BJ Casey   Professor of Psychology in Psychiatry


The research in the laboratory focuses on attention regulation, particularly its development, disruption and neurobiological basis. We have been examining the normal development of brain circuitry involved in attention and behavioral regulation and how disruptions in these brain systems (prefrontal cortex and basal ganglia) can give rise to a number of developmental disorders. Using a mechanistic approach we have dissociated attentional deficits observed across the disorders of Attention Deficit Hyperactivity Disorder, Obsessive Compulsive Disorder, Tourette Syndrome and Childhood Onset Schizophrenia. Further we have developed marker tasks that appear to tap the integrity of specific parallel basal ganglia thalmocortical circuits implicated across these disorders. We use both functional and structural magnetic resonance imaging (MRI) to examine brain circuitry involved in attention regulation and more recently have begun to use diffusion tensor imaging for examining the development of white matter tracts in these circuits. Further, we are moving toward relating these neuroimaging and behavioral measures to genetic measures. Specifically, we are examining how common polymorphisms in the dopamine system are related to attentional functioning and functionality of attentional neural systems. More recently we have begun to examine the effects of timing of environmental events and insults on the development of behavioral regulation and related brain systems. We are examining the effects of perinatal brain insults to the basal ganglia on later brain and behavioral development. We are examining also the effects of institutionalism on attentional regulation systems in previously institutionalized children adopted to the U.S. For further profile information see:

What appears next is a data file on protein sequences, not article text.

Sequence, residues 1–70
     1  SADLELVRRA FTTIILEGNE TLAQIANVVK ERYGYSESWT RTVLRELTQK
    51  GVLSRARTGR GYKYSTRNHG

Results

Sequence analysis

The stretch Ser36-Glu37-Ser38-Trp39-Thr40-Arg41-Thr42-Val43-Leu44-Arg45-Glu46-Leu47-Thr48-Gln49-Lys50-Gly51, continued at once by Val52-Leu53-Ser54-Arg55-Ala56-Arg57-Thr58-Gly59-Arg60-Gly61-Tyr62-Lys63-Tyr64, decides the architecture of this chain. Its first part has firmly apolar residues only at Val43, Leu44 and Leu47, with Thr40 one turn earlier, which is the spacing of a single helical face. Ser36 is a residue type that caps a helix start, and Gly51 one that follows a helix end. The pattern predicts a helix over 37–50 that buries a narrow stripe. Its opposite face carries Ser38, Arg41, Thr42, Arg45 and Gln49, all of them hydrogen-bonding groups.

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  • Dr. BJ Casey, PhD

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Primary Affiliation

  • Weill Cornell Medical College, Cornell University